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### Kurs: Statystyka i prawdopodobieństwo>Rozdział 11

Lekcja 1: Szacowanie proporcji w populacji

# Interpretowanie przedziału z dla proporcji

Once we build a confidence interval for a proportion, it's important to be able to interpret what the interval tells us about the population, and what it doesn't tell us. Let's look at few examples that demonstrate how to interpret a confidence interval for a proportion.

Ahmad saw a report that claimed $57\mathrm{%}$ of US adults think a third major political party is needed. He was curious how students at his large university felt on the topic, so he asked the same question to a random sample of $100$ students and made a $95\mathrm{%}$ confidence interval to estimate the proportion of students who agreed that a third major political party was needed. His resulting interval was $\left(0.599,0.781\right)$. Assume that the conditions for inference were all met.
Based on his interval, is it plausible that $57\mathrm{%}$ of all students at his university would agree that a third party is needed?
No, it isn't. The interval says that plausible values for the true proportion are between $59.9\mathrm{%}$ and $78.1\mathrm{%}$. Since the interval doesn't contain $57\mathrm{%}$, it doesn't seem plausible that $57\mathrm{%}$ of students at this university would agree. In other words, the entire interval is above $57\mathrm{%}$, so the true proportion at this university is likely higher.

Ahmad's sister, Diedra, was curious how students at her large high school would answer the same question, so she asked it to a random sample of $100$ students at her school. She also made a $95\mathrm{%}$ confidence interval to estimate the proportion of students at her school who would agree that a third party is needed. Her interval was $\left(0.557,0.743\right)$. Assume that the conditions for inference were all met.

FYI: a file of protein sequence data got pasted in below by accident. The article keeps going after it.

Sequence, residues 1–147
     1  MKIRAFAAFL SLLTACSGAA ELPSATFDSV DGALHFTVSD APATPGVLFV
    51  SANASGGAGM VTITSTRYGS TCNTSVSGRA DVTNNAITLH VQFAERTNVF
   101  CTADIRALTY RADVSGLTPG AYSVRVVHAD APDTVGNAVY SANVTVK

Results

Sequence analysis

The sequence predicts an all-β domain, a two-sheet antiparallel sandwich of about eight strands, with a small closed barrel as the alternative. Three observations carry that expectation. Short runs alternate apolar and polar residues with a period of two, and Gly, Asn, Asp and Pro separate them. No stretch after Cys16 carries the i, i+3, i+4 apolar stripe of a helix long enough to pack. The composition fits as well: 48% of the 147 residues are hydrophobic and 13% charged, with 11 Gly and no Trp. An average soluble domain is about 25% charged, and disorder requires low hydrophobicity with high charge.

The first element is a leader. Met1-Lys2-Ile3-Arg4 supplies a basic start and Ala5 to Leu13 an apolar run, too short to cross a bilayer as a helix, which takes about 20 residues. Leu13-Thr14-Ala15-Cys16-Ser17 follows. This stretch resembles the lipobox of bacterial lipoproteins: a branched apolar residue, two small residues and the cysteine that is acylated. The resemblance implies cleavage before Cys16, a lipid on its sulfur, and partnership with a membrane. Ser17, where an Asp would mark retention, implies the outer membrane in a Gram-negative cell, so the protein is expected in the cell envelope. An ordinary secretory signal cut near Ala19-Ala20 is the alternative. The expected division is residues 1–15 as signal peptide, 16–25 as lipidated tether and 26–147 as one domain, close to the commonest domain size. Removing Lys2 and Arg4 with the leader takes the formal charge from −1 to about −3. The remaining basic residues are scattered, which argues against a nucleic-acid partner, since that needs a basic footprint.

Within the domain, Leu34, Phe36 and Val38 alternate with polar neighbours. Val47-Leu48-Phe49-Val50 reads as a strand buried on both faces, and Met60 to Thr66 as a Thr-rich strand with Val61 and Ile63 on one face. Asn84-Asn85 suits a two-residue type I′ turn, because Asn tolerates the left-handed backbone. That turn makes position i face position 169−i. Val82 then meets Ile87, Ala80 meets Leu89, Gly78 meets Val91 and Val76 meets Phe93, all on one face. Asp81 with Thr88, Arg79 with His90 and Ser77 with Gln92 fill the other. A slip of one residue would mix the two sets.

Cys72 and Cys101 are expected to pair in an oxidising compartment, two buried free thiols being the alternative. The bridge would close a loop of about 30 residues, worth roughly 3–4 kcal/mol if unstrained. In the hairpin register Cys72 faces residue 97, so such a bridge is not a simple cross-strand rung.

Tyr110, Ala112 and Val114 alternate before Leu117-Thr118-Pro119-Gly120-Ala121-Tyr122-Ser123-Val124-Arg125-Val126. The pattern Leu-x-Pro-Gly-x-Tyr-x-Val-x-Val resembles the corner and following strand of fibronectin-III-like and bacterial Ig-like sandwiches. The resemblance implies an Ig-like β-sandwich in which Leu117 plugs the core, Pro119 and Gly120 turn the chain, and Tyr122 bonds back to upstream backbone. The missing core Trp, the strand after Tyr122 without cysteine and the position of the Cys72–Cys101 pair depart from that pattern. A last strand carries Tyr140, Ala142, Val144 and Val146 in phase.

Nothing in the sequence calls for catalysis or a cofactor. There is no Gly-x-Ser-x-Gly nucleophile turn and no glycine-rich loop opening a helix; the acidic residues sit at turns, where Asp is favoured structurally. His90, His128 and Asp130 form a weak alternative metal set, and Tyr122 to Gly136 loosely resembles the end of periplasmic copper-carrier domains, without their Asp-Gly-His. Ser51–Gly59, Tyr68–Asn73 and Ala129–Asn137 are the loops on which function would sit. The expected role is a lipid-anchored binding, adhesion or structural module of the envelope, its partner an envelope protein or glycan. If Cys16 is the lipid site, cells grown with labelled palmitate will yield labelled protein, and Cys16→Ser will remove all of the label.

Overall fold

Based on her interval, is it plausible that $57\mathrm{%}$ of students at her school would agree that a third party is needed?
Yes. Since the interval contains $57\mathrm{%}$, it is a plausible value for the population proportion.
Does her interval provide evidence that the true proportion of students at her school who would agree that a third party is needed is $57\mathrm{%}$?
No. Confidence intervals don't give us evidence that a parameter equals a specific value; they give us a range of plausible values. Diedra's interval says that the true proportion of students who agree could be as low as $55.7\mathrm{%}$ or as high as $74.3\mathrm{%}$, and that values outside of this interval aren't likely. So it wouldn't be appropriate to say this interval supports the value of $57\mathrm{%}$.

## Example 3: Try it out!

A video game gives players a reward of gold coins after they defeat an enemy. The creators of the game want players to have a chance at earning bonus coins when they defeat a certain challenging enemy. The creators attempt to program the game so that the bonus is awarded randomly with a $30\mathrm{%}$ probability after the enemy is defeated.
To see if the bonus is being awarded as intended, the creators defeated the enemy in a series of $100$ attempts (they're willing to treat this as a random sample). After each attempt, they recorded whether or not the bonus was awarded. They used the results to build a $95\mathrm{%}$ confidence interval for $p$, the proportion of attempts that will be rewarded with the bonus. The resulting interval was $\left(0.323,0.517\right)$.
What does this interval suggest?
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## Example 4: Try it out!

The creators of the video game also want players to have a chance at earning a rare item when they defeat a challenging enemy. The creators attempt to program the game so that the rare item is awarded randomly with a $15\mathrm{%}$ probability after the enemy is defeated.
To see if the rare item is being awarded as intended, the creators defeated the enemy in a series of $100$ attempts (they're willing to treat this as a random sample). After each attempt, they recorded whether or not the rare item was awarded. They used the results to build a $95\mathrm{%}$ confidence interval for $p$, the proportion of attempts that will be rewarded with the rare item, which was $0.12±0.06$.
What does this interval suggest?
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